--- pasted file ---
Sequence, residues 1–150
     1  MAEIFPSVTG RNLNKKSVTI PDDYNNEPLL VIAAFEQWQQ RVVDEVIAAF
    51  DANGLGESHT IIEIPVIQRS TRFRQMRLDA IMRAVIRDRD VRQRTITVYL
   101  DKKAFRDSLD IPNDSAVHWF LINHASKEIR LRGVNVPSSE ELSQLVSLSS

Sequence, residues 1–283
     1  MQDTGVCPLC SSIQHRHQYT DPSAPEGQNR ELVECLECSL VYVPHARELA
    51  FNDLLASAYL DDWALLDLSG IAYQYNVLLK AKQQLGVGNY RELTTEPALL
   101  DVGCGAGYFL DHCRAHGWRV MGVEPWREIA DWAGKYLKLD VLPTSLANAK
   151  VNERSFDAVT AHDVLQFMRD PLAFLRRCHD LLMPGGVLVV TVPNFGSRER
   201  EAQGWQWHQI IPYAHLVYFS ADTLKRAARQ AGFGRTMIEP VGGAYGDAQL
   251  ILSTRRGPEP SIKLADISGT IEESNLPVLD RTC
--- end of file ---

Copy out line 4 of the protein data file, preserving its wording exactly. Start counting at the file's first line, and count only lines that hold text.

   101  DKKAFRDSLD IPNDSAVHWF LINHASKEIR LRGVNVPSSE ELSQLVSLSS